J.D. Salinger is a well-regarded author, yet little is known about much of his life. After writing the controversial and popular novel "The Catcher In The Rye", Salinger became reclusive and guarded his private life closely. But a new book, documentary, and television special by Shane Salerno has brought Salinger--and details about both his personal and professional life--to light.
PBS will air "Salinger" on Tuesday night with a run time of 135 minutes, longer than the version of the documentary that premiered in theaters last fall, and Salerno says there are important additions to the television special that give insight into Salinger's time at war.
"There is important new World War II material, including an extended version of Salinger's first day of combat, which was D-Day, and other brutal battles that forged him. World War II is critical to understanding Salinger. It was the transformative trauma of his life and is the ghost in the machine of all of Salinger's stories. There is a pivotal new relationship with a 16-year-old girl, which was a consistent pattern in Salinger's life, and viewers will learn how a betrayal in that relationship served as the first brick in the wall of silence Salinger built. One of the key participants speaks for the first time," Salerno says.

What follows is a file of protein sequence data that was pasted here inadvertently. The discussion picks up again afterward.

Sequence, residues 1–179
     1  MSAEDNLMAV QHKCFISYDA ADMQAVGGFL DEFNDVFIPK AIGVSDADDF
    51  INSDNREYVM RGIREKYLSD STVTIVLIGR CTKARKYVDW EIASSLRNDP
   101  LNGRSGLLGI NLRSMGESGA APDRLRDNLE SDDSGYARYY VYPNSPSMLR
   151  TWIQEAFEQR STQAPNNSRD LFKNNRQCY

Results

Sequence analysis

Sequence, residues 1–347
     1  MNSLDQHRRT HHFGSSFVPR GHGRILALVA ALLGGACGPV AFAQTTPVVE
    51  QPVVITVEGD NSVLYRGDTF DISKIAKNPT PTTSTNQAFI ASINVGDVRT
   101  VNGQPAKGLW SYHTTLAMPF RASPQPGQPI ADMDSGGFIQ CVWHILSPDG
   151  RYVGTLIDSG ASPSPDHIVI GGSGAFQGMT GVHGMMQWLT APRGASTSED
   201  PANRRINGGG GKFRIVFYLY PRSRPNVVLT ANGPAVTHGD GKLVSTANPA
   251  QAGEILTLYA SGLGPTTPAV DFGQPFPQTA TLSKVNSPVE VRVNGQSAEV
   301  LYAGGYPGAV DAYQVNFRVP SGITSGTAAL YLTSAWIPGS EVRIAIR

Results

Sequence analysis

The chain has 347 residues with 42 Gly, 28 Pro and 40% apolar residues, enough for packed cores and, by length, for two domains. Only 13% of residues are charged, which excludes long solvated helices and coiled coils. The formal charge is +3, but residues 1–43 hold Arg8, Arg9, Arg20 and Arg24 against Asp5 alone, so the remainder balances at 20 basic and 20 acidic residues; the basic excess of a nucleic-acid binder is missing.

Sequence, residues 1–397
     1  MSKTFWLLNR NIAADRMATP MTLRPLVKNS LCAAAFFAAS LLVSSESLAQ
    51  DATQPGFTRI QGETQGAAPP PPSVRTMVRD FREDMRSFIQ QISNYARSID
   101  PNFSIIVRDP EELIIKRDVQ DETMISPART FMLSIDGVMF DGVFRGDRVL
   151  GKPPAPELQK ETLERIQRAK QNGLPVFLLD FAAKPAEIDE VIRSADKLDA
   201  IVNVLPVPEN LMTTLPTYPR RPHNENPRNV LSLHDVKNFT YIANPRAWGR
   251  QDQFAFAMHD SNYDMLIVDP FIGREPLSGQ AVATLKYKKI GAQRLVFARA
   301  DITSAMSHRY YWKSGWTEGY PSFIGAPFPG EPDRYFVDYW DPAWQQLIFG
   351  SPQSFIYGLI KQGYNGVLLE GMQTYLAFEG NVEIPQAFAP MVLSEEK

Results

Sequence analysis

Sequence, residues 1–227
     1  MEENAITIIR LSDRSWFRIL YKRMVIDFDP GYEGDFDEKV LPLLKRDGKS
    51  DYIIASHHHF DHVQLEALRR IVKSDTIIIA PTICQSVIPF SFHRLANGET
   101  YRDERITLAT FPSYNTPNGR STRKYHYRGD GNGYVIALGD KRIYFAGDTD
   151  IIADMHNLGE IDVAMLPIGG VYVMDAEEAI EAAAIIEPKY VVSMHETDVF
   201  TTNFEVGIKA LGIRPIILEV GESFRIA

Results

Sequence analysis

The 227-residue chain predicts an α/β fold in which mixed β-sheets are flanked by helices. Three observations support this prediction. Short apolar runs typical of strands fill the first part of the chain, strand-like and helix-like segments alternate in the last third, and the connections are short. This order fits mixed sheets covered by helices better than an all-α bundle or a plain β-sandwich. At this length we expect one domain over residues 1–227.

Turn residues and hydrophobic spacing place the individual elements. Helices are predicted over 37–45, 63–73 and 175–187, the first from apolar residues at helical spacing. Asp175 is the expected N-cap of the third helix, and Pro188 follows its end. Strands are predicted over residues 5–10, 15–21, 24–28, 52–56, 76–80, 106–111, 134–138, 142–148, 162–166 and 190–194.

Salerno worked on the project for more than ten years, gathering never-before-published photos of Salinger, letters, and what appears to be information about several unpublished works of the author's...including stories that follow "The Catcher In The Rye" subject Holden Caulfield. But while many critics have praised the work for being so in-depth, others say that Salinger would be outraged and offended at the probe into his life.
"As for Salinger, it's not the documentarian's responsibility to consider whether his subject would approve or disapprove of the work. I spent 10 years of my life on this because I was committed to getting it right and we did get it right, the truth is some people just didn't like what we found. I have enormous respect for Salinger as an artist but I reject the idea that he deserves an entirely different standard for biography than Martin Luther King, John F. Kennedy, Thomas Jefferson or Oskar Schindler. If you were making a film about any of those men you would tell the great accomplishments of their life as well as personal failures, and that's what I did with Salinger," Salerno said.
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